The components and assembly of the supporting structure 12 are shown in FIGS. 2-5 and 8. The final bolting of the supporting structure 12 shown in FIG. 8 occurs after the wheel support 14 is attached to the supporting structure 12 as shown in FIG. 7 and discussed below. The supporting structure 12 is roughly composed of four parts: a base 20, a first vertical column 22, a second vertical column 24, and a cantilevered beam 26 for lifting a drill pipe 28. As depicted more clearly in FIG. 3, the base 20 has two horizontal legs 30 sufficiently long and spaced wide enough apart to keep the structure 12 balanced and stable. The base 20 overall is approximately forty-seven inches wide and eighty-four inches long. It is constructed of three-and-one-half-inch square tubing, ⅜ of an inch thick. The size and mass of the base 20 keep the center of gravity for the whole structure 12 low to prevent tipping over. In order to tip, the structure has to rotate 36.7 degrees from the vertical. To cause this rotation a horizontal force of 220 pounds must be applied to the high-end of the cantilever beam 26, or a horizontal force of 352 pounds must be applied at the top of the five-foot second vertical column 24. The likelihood that these large forces will be applied to the structure 12 is extremely low.
The first vertical column 22 and the second vertical column 24 are three-inch square tubes, ¼ of an inch thick. This allows enough clearance to slide into a first sleeve 32 and a second sleeve 34 of the base 20, while remaining strong enough to withstand the applied loads. A series of rectangular steel tubing sections are welded between the legs of the base over the borehole for additional support. They also provide a rest for a slip plate 38 (see FIG. 24), which is used to secure the pipe 28 during changeover (adding or removing sections of pipe 28).
The cantilevered beam 26 is a five-inch square steel tube that is seven feet long with a thickness of 3/16 of an inch. The beam 26 has two sleeves 40 of three-and-one-half-inch steel tubing welded at a 45-degree angle that allow the beam 26 to be slid securely on top of the first and second vertical columns 22, 24. The beam 26 will be pinned to the columns 22, 24 by four four-inch-long clevis pins. The high end of the beam 26 is nine feet above the ground, directly above the borehole. Both ends of the beam 26 have a pulley 42 inside, and a winch 44 is attached to the low end of the beam 26. The wire rope or cable from the winch 44 goes through the beam 26 and can then hook onto the pipe 28 or a Kelly bar 46 (see below) for lifting.
The functional specification for the lifting system is to be able to support and lift the weight of 250 feet of drill pipe. Based on the density of steel (490.6 pounds per cubic foot), a pipe wall thickness of 0.25 inches, and an outer diameter of 2.875 inches, the weight of 250 feet of pipe is 1725 pounds. While drilling, the borehole may cave in on top of the pipe; thus necessitating the ability to lift more than the just the weight of the drill pipe.
The three major components of the lifting system are the hoist structure, the winch 44, and the pulleys 42. The hoist structure was designed to never yield, even under extreme lifting conditions. Because of the length of the cantilevered beam 26, the highest stresses occur in the beam 26 at the junction with the first vertical column 22. This stress is due to a combined bending load and axial load. Therefore, to select the appropriate beam size of the beam 26, the von Mises stresses were calculated at this point. A simple optimization program was created in Excel to optimize the beam dimensions given a load, a safety factor, and a beam wall thickness. From this optimization routine a five-inch square steel beam was chosen with the yield strength of steel as 50,000 psi, a safety factor of 1.5, a wall thickness of 0.188 inches and a vertical load of 4,500 pounds. If other design considerations are applicable, a similar optimization could be used to create a satisfactory design for those conditions.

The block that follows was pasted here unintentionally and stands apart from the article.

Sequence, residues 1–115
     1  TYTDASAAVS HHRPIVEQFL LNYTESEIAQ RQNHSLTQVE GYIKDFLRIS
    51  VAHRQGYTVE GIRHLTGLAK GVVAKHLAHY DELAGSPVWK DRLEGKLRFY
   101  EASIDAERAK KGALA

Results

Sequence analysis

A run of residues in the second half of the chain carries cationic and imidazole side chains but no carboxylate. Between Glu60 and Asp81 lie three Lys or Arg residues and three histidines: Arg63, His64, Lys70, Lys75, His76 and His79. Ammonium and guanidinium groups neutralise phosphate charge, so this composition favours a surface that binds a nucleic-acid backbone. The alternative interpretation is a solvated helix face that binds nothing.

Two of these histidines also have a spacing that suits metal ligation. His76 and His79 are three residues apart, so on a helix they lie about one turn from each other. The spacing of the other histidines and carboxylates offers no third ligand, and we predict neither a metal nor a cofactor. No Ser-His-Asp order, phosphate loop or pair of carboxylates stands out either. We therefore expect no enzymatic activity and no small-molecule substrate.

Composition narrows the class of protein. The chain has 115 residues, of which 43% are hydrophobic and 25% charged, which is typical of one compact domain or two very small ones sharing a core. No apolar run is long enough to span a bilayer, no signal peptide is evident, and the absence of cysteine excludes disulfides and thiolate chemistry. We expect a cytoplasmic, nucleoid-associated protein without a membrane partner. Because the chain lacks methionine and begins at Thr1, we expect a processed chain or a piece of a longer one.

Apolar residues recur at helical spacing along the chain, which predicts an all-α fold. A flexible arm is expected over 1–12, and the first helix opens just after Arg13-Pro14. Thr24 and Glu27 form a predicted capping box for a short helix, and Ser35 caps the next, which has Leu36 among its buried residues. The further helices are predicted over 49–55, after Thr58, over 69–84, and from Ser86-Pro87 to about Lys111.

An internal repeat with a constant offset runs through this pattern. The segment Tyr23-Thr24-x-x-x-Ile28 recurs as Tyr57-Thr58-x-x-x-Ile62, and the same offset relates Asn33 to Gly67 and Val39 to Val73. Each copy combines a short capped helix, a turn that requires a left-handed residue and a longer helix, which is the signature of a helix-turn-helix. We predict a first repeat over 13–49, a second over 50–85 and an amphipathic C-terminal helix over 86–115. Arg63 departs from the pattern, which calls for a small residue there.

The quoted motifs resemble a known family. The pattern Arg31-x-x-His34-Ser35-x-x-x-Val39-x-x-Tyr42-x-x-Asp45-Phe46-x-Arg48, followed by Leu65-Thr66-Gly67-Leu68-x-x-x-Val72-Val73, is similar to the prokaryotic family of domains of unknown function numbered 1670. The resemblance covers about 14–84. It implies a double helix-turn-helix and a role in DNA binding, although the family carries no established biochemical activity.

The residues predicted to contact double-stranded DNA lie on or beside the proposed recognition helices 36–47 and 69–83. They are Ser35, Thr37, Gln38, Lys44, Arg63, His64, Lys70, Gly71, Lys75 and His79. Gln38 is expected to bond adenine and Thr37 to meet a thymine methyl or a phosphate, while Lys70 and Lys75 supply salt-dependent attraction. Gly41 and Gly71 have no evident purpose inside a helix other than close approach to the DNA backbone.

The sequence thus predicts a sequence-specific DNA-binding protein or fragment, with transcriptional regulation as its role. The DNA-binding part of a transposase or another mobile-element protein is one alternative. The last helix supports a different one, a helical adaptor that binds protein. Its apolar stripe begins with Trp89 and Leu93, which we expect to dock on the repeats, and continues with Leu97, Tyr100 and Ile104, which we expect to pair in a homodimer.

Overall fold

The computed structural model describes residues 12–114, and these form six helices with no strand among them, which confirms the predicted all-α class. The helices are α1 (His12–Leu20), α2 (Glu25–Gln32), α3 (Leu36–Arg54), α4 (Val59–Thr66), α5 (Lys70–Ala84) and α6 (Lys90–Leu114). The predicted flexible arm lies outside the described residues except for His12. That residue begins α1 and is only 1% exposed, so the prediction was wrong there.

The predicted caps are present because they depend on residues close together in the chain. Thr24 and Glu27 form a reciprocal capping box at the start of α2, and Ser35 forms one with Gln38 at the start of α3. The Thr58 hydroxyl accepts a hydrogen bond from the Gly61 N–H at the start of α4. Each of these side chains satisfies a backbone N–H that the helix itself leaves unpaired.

The winch 44 and pulleys 42 were then chosen to be able to lift the weight of the pipe 28 and more, but both of these components have a lower capacity than the beam 26. The goal was to ensure that there would never be any failure of the lifting structure. A hand winch with a 3,500 pound first layer capacity (and an 1849 pound full drum capacity) was selected as the winch 44. The selected winch has an enclosed gear for protection from the harsh environments of drilling, and it has an automatic brake, which means that it cannot move unless an operator is rotating the handle even with tension in the wire rope. Furthermore, at its maximum capacity the operator only has to apply 19.4 pounds of force to the end of the winch handle to move the load.
The pulleys 42 were selected to match the lifting capabilities of the winch 44 as closely as possible; however, the pulleys 42 were also constrained in size by the inside dimension of the beam 26. Stainless steel pulleys with a 4.25-inch diameter and plain bronze bearings were selected. These pulleys have an operating capacity of 3,000 pounds.
One major advantage that the structure shown in FIG. 1 and described above is the ability to apply upward force to the drill pipe 28 while drilling. This is a result of having a structure that is always in place over the hole. The upward pressure prevents the drill bit from becoming lodged in soil at the bottom of the borehole. This ultimately results in a smaller average torque applied to the pipe 28. This structure also allows the winch 44 to impart a constant vertical force while raising or lowering the pipe instead of a force that decreases as the pipe 28 approaches the top of the structure as in a design with a block and tackle pulling from two sides.